The final models propose that life continued on land, in ice-free locations perhaps similar to the dry valleys of Antarctica. Could cyanobacteria perhaps survive millions of years of complete dessiccation?

Later in the snowball, the slowly rising temperatures would make the presence of liquid surface water more likely. The coldest period during the first ten million years would be the most difficult to survive.


In the end, life survived everything life threw at it. Fossils show that the diversity of life suffered tremendously: there is a poverty of species, and low numbers, in the fossil record of the snowball Earth and of its immediate aftermath. But the recovery was spectacular. When the Cryogenian ended, the next geological epoch was ready to go: the Ediacarian. This was the time of the most amazing fossils, which look like nothing we know today. And after that came the Cambrian, with the explosion of life which Darwin already wondered about. After the Christmas flood basalt of Victoria Island, and the long winter with its false spring, came the real Spring where life sprang to new life. And after that came Summer, the never-ending days of warmth and of dinosaurs and of birds and mammals, the playtime of the Earth.

The Sun is brighter now than it was in those days, and there may never be another snowball Earth. But it is good to remember. Once, long ago and far away, a volcano brought a winter which almost ended life on Earth. Other volcanoes brought back the warmth, but it took a long long time and the recovery almost brought its own disaster. Life survived hanging by a thread. But survive it did, against all odds, and how it flowered in the next season of the Earth.

Victoria Island, in winter a place of desolation and human suffering, in summer springs to life when it becomes a place of wild beauty. It is a place of hope.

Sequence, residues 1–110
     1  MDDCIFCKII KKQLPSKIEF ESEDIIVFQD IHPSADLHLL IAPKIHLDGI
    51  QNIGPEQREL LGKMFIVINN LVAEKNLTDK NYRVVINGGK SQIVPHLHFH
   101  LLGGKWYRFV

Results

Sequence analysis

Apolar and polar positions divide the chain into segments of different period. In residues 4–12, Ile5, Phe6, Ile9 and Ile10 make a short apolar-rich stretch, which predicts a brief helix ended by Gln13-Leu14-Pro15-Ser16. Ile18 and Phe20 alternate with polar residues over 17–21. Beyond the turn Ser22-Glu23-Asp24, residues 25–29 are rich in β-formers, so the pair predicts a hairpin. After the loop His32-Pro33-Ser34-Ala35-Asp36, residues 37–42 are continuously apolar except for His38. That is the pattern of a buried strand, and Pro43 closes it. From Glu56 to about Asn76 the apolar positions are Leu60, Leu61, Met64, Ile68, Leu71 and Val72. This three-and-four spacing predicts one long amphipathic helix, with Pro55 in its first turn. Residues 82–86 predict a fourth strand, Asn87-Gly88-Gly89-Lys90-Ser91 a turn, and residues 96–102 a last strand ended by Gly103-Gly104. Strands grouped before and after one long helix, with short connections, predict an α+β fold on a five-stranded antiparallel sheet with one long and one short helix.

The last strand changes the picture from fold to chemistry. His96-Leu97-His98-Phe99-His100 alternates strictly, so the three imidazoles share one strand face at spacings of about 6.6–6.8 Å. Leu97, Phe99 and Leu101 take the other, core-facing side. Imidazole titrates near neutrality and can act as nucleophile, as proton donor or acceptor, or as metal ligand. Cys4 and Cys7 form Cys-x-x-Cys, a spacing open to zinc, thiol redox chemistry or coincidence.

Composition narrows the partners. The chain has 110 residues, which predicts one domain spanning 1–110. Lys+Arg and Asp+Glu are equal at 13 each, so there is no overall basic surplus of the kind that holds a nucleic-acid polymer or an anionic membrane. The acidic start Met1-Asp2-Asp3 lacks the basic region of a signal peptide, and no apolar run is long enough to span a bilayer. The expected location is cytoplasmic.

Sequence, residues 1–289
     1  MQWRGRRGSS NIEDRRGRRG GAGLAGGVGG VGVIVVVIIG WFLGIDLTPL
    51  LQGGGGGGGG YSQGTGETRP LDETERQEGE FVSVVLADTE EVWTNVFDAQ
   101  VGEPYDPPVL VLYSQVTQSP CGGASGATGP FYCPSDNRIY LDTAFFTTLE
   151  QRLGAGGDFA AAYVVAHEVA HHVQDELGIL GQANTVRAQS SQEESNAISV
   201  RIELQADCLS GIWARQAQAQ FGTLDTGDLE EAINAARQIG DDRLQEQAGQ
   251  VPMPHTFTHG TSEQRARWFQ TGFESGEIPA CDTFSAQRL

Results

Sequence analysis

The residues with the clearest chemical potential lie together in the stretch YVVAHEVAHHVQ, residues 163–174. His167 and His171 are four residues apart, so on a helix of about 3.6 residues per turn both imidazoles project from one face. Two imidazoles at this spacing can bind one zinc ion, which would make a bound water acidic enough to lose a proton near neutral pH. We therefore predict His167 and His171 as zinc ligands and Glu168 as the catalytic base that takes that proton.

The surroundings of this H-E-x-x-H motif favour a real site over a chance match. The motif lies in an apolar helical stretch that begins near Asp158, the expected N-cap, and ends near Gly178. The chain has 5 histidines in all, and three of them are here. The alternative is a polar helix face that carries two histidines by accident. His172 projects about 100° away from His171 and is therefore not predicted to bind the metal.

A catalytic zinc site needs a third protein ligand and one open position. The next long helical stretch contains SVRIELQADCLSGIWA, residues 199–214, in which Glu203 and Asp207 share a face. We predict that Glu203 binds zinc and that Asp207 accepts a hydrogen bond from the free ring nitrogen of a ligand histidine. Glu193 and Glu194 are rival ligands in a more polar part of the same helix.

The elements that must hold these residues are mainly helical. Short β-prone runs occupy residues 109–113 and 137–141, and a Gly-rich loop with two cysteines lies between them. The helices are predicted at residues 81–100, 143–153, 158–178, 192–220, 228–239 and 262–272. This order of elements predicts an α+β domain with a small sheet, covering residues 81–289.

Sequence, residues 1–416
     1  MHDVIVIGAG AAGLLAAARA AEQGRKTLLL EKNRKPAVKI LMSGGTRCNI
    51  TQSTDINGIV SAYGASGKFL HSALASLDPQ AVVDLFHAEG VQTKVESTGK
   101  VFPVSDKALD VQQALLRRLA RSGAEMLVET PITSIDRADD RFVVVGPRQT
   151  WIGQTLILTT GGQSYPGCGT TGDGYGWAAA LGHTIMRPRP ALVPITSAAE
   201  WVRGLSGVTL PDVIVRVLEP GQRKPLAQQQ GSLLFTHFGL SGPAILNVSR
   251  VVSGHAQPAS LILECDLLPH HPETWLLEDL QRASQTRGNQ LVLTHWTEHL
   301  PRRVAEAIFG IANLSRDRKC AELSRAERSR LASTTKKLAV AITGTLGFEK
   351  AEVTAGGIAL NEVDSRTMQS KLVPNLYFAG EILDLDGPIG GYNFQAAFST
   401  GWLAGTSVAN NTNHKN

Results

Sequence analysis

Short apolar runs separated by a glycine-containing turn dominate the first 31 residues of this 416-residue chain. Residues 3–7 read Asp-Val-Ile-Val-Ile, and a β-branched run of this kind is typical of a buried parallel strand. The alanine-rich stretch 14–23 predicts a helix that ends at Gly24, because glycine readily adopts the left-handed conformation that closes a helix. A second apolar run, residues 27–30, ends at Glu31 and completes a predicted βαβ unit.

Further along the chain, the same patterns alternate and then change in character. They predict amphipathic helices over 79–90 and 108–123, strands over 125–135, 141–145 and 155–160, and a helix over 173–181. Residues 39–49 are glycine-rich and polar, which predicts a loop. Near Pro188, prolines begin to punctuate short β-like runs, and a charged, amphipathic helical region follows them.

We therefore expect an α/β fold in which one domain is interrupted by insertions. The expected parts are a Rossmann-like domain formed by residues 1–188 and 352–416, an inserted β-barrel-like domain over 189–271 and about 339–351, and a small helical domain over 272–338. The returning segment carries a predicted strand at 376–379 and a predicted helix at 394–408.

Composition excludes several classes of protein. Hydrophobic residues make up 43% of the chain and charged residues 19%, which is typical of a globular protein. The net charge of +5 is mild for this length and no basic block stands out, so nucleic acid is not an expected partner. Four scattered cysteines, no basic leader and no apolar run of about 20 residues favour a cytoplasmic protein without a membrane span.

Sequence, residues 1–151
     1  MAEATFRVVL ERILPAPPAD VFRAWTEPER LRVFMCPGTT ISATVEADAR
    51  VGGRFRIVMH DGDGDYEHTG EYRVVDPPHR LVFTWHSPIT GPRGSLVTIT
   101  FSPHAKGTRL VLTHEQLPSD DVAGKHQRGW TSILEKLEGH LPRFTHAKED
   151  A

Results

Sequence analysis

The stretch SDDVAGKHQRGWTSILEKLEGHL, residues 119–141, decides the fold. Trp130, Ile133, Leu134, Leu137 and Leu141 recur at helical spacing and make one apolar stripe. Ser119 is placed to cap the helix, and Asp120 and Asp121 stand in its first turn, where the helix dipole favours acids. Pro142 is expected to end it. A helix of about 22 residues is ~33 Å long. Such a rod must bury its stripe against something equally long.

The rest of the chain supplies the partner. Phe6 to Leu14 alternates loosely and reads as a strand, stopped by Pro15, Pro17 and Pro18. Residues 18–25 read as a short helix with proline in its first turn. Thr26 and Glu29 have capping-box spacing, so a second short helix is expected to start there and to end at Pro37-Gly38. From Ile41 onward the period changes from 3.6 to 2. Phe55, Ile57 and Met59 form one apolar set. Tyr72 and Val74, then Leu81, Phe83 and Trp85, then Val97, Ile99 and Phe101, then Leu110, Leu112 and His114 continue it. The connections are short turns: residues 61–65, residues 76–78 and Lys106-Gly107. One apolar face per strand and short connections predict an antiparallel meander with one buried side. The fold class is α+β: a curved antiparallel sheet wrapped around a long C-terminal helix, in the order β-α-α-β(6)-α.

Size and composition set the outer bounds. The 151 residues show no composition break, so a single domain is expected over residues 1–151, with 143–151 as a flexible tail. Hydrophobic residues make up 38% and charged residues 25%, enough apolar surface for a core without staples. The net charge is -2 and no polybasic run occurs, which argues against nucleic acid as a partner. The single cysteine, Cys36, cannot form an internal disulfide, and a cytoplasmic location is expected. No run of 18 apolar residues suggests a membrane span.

Albert, December 2021

A Christmas puzzle

To provide hours of entertaining: trace the curved line

396 thoughts on “White Christmas

    • Interesting Lorcan. I turned back the video to see the smoke you were talking about. Definitely an appreciable amount showing up. Then I marked the area on the screen and turned back the video further back to daylight hours and the smoke/ dust/ steam, whatever it was, appeared exactly at the left side of the original cone. Like you I have no idea what it actually was but watching very closely it appeared a couple of times later in a more wispy fashion. I did wonder if that given it was around the time of 3 quakes at fagradalfjall between 19:25 and 19:39 then it might possibly have been dust from a rockfall inside the cone. Those quakes were very small though but it is probably just about possible with them occuring so close together that they might have triggered a rockfall.

      • Here is a short animation showing the smoke.

        Does anybody master smoke signal language?

  1. The MBL panorama camera is showing auroral activity in the middle of the view from 20:30 to now. Nothing is visible on the right side, of course.

  2. Maybe is nothing, but right before the eruption in March there was a swarm of quakes out at the very end of Reykjanes, near Eldey. Just now there is a pair of quakes there, looking like more on the way.

    All of the quakes at Fagradalsfjall in the past days have been under 2 km deep too, several under 1. If quake lines trace the bottom of the dike then magma is very shallow. Must be getting really close now.

    • There has been an east to west trend in all the earthquake swarms since the onset of the volcano-tectonic episode November / December 2019. Must be something to do with how the crust responds to magma ascent, i.e. the magma intrusion at Mount Þorbjörn and the dike formation resulting in the eruption at Geldingadalir.

  3. Really very odd moment right now…just *what* is FAF going to do?

    Besides that, better now than never:
    Blessed and Happy New Year to all of you!

  4. Looking at one of the static photos, the old vent is smoking a bit and there was a helicopter having a look.
    Sadly the main web camera is still covered with the results of Thor’s sneeze. I hope they clean them up, soon.

    • I agree Clive. It is very difficult to see what is actually smoke or gas or what is my eyes playing tricks because of the poor visibility on that cam. Frustrating really. Interesting though that today the ‘smoke/gas’ has been in the same area as last nights smoke. Again I think it is possibly rockfalls on the somewhat crumbly porous surface of the cone causing what we are seeing. The bad weather of Sat/Sun could have contributes to areas shifting enough to allow for more offgassing.